Targeting TNF-related apoptosis-inducing ligand (TRAIL) receptor by natural products as a potential therapeutic approach for cancer therapy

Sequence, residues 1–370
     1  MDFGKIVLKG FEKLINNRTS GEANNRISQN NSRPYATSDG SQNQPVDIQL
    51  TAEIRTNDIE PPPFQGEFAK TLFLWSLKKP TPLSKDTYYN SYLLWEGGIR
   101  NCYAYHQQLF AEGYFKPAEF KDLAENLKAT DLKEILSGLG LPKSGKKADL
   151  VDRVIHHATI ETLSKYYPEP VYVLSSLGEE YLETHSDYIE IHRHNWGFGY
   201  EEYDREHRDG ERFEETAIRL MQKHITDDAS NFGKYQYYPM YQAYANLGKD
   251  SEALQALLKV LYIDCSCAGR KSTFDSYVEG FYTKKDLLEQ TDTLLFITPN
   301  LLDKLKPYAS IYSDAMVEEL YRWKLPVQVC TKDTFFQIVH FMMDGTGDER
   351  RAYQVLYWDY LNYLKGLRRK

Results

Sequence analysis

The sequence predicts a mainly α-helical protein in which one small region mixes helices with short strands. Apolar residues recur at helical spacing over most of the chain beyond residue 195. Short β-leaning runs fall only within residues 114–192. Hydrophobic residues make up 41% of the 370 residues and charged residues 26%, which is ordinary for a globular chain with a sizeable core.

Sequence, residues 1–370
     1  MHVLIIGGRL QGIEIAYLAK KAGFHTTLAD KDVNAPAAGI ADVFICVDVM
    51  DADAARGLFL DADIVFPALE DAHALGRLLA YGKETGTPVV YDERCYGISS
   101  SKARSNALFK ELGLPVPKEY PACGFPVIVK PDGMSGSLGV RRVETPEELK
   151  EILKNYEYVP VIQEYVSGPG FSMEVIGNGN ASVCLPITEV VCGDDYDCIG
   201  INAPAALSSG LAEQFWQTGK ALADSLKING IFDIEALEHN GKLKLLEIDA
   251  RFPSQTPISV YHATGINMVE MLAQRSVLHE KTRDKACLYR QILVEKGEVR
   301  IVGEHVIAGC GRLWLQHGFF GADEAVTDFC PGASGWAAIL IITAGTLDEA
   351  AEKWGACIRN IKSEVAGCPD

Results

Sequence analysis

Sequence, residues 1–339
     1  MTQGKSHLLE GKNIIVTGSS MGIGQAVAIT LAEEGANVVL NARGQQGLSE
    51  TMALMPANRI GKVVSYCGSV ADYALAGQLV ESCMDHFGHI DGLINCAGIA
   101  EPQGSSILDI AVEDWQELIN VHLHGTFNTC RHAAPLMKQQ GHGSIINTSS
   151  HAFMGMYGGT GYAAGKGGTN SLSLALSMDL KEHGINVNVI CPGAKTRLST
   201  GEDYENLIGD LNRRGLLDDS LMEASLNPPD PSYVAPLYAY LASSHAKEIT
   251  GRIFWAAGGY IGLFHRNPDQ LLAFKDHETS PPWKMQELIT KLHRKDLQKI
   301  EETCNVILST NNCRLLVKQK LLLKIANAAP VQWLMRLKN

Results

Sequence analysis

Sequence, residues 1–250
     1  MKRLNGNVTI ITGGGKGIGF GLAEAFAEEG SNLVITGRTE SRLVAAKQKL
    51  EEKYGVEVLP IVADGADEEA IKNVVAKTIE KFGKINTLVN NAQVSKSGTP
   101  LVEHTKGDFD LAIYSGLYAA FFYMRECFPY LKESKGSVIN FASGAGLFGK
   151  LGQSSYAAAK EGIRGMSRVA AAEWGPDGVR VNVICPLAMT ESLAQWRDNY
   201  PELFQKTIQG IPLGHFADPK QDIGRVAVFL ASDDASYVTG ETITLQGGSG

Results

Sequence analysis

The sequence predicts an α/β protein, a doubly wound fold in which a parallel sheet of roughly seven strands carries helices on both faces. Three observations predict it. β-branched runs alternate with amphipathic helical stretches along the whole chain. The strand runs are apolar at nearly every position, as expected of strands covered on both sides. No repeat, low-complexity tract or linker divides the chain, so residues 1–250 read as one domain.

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© 2015 by the Society for Experimental Biology and Medicine Tumor necrosis factor-related apoptosis-inducing ligand (TRAIL) has been shown to selectively induce apoptotic cell death in various tumor cells by engaging its death-inducing receptors (TRAIL-R1 and TRAIL-R2). This property has led to the development of a number of TRAIL–receptor agonists such as the soluble recombinant TRAIL and agonistic antibodies, which have shown promising anticancer activity in preclinical studies. However, besides activating caspase-dependent apoptosis in several cancer cells, TRAIL may also activate nonapoptotic signal transduction pathways such as nuclear factor-kappa B, mitogen-activated protein kinases, AKT, and signal transducers and activators of transcription 3, which may contribute to TRAIL resistance that is being now frequently encountered in various cancers. TRAIL resistance can be overcome by the application of efficient TRAIL-sensitizing pharmacological agents. Natural compounds have shown a great potential in sensitizing cells to TRAIL treatment through suppression of distinct survival pathways. In this review, we have summarized both apoptotic and nonapoptotic pathways activated by TRAIL, as well as recent advances in developing TRAIL–receptor agonists for cancer therapy. We also briefly discuss combination therapies that have shown great potential in overcoming TRAIL resistance in various tumors.
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